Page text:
Arguably progress in security sector reform – the army, the police, the judiciary – is the major need of DRC. Yet this is where the least tangible progress has been made and where the international community has been least effective. Apart from the difficulties internal to DRC, international actors bring their own impediments to progress along with their uncoordinated visions for how it should be, their own structures and equipment, and so on. Nevertheless, recognition that physical protection of civilians is a military goal has led to the use of UN military forces to protect the civilian population. Innovative structures have been set up, such as joint protection teams, humanitarian/UN military contingency planning and mobile operational bases, which enable humanitarians to ask for the dispatch of UN soldiers to ward off attacks by militias, and the national military, and around which IDPs routinely cluster.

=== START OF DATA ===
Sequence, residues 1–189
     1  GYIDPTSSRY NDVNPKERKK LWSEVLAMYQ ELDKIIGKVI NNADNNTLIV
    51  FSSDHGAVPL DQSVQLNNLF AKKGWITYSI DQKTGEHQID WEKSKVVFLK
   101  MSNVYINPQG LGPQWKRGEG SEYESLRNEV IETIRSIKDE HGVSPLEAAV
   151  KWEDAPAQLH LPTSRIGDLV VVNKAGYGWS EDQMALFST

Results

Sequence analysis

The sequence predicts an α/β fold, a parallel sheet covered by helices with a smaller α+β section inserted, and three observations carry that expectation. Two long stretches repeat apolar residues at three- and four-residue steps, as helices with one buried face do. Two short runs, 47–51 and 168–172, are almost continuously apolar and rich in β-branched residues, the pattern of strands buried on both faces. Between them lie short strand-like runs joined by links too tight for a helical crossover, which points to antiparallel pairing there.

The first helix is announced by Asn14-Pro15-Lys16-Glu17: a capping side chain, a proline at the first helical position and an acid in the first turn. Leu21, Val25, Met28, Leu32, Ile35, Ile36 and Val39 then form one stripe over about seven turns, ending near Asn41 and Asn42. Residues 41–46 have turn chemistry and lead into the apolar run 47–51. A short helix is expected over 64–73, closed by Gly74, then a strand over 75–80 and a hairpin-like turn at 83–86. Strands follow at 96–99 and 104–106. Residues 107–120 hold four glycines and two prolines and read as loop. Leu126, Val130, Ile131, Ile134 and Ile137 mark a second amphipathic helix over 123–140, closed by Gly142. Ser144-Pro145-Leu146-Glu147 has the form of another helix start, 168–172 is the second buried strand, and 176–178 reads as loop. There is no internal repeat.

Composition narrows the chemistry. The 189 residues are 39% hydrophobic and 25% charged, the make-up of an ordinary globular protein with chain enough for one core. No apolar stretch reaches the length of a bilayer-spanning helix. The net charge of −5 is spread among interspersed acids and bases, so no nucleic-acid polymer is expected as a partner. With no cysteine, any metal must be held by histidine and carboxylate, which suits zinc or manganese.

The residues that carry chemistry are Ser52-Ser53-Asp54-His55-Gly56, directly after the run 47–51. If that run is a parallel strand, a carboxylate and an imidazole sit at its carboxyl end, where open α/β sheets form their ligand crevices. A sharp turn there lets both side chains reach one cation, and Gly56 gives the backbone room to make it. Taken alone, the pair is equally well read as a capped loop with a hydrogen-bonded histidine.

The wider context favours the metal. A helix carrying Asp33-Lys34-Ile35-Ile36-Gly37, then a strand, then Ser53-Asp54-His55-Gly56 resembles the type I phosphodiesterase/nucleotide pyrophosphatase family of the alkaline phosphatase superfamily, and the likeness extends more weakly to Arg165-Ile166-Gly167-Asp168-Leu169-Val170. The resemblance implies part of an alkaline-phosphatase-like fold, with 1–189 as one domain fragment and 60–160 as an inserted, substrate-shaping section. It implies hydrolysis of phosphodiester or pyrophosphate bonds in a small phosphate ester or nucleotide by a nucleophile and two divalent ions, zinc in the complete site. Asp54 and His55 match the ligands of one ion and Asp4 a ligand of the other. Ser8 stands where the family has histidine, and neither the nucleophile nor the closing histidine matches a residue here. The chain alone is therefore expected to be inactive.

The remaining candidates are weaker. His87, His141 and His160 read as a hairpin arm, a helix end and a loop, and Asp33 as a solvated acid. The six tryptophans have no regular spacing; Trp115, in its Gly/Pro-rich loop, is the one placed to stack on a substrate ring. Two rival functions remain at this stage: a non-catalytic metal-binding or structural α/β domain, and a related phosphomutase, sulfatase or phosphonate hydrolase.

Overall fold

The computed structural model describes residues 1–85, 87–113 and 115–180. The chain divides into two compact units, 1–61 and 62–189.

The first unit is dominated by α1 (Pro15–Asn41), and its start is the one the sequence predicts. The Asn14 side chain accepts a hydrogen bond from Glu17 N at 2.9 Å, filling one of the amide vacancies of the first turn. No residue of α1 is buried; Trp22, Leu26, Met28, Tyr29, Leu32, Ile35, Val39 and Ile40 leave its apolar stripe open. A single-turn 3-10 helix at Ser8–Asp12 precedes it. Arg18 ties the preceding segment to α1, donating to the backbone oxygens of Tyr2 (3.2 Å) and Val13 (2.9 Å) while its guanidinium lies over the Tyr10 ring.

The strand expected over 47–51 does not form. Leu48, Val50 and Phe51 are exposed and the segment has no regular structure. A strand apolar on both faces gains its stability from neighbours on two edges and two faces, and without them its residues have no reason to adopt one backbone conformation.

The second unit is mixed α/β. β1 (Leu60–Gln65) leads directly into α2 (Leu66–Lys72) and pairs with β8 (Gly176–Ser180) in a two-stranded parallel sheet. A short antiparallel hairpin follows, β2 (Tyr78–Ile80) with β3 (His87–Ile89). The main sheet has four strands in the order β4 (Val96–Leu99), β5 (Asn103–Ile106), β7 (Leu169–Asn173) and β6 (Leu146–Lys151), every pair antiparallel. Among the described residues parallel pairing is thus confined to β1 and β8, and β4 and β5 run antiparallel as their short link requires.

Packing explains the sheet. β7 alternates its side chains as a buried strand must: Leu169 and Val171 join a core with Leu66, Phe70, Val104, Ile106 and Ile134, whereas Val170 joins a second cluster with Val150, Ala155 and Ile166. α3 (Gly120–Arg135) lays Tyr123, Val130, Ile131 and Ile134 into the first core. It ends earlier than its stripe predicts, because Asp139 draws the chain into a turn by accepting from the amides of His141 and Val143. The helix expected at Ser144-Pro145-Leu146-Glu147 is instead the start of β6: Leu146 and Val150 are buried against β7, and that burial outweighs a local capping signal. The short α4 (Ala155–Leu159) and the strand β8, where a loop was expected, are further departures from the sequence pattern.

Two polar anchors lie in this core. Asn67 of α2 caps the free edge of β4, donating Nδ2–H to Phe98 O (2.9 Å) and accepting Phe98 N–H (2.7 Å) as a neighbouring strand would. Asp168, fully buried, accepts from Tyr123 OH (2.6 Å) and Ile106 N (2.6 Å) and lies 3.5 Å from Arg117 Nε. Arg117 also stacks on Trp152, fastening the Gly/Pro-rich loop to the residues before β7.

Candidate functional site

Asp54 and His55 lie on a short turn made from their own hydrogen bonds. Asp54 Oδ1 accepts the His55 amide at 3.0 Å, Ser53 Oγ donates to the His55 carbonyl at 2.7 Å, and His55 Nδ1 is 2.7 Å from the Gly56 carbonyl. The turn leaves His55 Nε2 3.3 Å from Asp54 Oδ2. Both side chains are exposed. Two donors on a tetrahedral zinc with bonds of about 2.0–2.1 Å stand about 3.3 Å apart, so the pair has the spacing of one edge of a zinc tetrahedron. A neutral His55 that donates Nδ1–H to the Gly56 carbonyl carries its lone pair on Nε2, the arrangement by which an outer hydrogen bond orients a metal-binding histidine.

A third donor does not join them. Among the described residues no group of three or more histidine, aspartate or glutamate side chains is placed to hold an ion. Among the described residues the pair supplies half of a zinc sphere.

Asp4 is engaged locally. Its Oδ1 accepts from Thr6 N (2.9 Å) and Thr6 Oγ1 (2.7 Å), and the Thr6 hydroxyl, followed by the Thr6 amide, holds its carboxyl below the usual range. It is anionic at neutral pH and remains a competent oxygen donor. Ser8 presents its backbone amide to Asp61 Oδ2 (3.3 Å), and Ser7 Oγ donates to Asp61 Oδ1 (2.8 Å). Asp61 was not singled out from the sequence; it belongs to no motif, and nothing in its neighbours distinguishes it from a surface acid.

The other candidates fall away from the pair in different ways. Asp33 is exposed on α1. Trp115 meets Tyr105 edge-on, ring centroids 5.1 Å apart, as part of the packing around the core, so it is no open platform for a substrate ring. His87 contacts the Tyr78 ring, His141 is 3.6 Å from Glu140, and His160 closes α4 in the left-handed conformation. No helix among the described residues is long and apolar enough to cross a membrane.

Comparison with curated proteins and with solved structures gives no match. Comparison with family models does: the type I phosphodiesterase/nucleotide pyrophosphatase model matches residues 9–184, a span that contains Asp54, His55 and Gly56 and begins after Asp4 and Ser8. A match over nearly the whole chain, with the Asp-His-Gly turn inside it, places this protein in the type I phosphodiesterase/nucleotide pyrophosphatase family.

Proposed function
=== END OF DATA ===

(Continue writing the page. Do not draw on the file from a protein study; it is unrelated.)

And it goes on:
Recent incidents (in mid-2010) where the international military forces have been criticised for not preventing or responding to mass rapes in North Kivu show how hard it is to be in the right place at the right time. The distances are huge, the roads terrible, and the will to succeed cannot overcome these obstacles all the time. DRC has 20,000 UN peacekeepers for a landmass of 3.4 million km2 versus more than 40,000 NATO troops sent to Kosovo, a territory of only 10,000 km2.

The UN chose DRC as a pilot for the humanitarian reform programme. That MONUC was an integrated mission, bringing together military and civil aspects, has posed issues for the Humanitarian Coordinator but also facilitated logistics and made innovative activities for the protection of civilians possible.